Reply to  Pamela Matlack-Klein
July 16, 2021 11:39 am

Got stuck in a loop.

Oldseadog
Reply to  griff
July 16, 2021 2:08 am

Maybe if people stopped building in flood plains there wouldn’t be so much damage when the weather turns nasty.

Derg
Reply to  griff
July 16, 2021 2:09 am

You forgot to include the skate boarders word “extreme.”

Lrp
Reply to  griff
July 16, 2021 2:21 am

Nonsense, there are no physics of warming atmosphere. You just make up stuff.

Shania
Reply to  griff
July 16, 2021 2:28 am

Iam sure 1997 floods in CZ were caused by climate change too:D

Another Joe
Reply to  griff
July 16, 2021 2:44 am

Its just weather. It is proving there is no drought conditions!
Statistically it does look good when you spread the rain over three month.
So the climate statistic will not notice!
Its weather!

tonyb
Editor
Reply to  griff
July 16, 2021 2:50 am

Griff

You would have noticed the BBC at first said the worst floods in living memory. I checked through the records and saw there were 3 worst ones last century. They have changed it today to the worst in several decades.’. Anyone who has ever been to Central Europe will see the Historic floods marked on Church and Monastery walls at levels far above todays.

One problem we have is that population grows and then moves into areas that might be unsuitable. We saw that with the Somerset levels and in various other cities such as Shrewsbury.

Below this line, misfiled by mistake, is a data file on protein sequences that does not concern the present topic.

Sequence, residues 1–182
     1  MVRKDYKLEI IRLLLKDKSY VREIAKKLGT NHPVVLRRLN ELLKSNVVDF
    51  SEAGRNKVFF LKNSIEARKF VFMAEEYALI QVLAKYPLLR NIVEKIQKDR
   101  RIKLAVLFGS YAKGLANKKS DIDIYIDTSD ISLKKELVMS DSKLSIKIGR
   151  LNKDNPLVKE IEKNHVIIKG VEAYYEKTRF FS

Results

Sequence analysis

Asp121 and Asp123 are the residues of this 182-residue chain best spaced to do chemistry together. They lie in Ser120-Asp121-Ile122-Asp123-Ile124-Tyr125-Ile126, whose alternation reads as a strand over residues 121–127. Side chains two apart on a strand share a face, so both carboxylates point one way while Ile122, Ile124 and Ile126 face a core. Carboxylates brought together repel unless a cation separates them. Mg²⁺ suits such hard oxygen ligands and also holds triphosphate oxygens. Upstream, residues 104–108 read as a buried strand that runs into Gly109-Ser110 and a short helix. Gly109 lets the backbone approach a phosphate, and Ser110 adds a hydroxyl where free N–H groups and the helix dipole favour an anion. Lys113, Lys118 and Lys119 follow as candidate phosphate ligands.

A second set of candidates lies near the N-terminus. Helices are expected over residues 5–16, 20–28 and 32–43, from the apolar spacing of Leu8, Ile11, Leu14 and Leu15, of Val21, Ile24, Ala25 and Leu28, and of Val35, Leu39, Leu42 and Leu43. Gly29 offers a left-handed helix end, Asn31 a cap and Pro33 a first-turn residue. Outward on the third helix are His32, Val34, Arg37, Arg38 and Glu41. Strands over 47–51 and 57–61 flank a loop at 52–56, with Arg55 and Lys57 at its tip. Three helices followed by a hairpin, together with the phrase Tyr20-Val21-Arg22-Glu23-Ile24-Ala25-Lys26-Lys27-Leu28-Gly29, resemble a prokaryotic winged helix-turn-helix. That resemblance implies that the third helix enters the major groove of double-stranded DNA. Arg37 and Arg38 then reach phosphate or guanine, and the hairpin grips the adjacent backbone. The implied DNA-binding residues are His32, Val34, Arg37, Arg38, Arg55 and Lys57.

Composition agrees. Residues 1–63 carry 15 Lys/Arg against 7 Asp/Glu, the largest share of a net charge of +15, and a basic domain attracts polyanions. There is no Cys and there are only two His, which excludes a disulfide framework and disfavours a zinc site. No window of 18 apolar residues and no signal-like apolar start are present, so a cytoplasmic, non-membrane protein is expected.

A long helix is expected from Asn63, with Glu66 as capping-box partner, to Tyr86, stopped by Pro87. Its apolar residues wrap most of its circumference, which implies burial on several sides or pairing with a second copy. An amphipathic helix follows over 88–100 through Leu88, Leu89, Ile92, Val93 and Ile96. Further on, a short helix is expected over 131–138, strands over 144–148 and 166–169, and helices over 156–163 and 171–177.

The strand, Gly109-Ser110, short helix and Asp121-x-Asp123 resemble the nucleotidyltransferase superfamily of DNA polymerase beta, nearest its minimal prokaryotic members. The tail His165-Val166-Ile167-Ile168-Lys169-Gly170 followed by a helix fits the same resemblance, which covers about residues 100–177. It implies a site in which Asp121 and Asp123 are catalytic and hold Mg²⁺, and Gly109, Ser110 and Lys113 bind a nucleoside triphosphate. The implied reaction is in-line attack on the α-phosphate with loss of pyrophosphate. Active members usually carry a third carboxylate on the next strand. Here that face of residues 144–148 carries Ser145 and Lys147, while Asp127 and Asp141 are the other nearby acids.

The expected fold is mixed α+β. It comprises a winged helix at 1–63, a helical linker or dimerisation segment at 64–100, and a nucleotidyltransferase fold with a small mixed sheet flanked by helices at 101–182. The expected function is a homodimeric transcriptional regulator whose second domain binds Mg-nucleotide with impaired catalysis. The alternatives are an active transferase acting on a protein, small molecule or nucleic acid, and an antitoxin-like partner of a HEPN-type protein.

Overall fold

These events get recorded and put on 24 hours MSM. In the past there may not have been people to see them let alone record them.

Which is not to take away from the current human misery but these things have all happened before and will happen again but it only takes a generation to forget the lessons that should be learnt

tonyb

MarkW
Reply to  tonyb
July 16, 2021 6:22 am

In other parts of the globe, floods are exacerbated by development in the watershed that feeds the river. I don’t know enough about the geography in this example to know if this is a factor.

Chaswarnertoo
Reply to  griff
July 16, 2021 3:20 am

Prat. Hochtwasser.

commieBob
Reply to  griff
July 16, 2021 5:07 am

My theory of natural variability also predicts that exactly those things will happen. Where’s my Nobel Prize?

Anyway my dear Griff, you give a wonderful example in the context of the present story. Somalia will suffer disproportionately from weather/climate related events as measured in terms of human misery. Germany will not. Why is that? Germany is prosperous and therefore much much more resilient.

What does Somalia need? Somalia needs prosperity, not supposed climate mitigation.

Tom in Florida
Reply to  griff
July 16, 2021 5:19 am

What do you mean by “we”?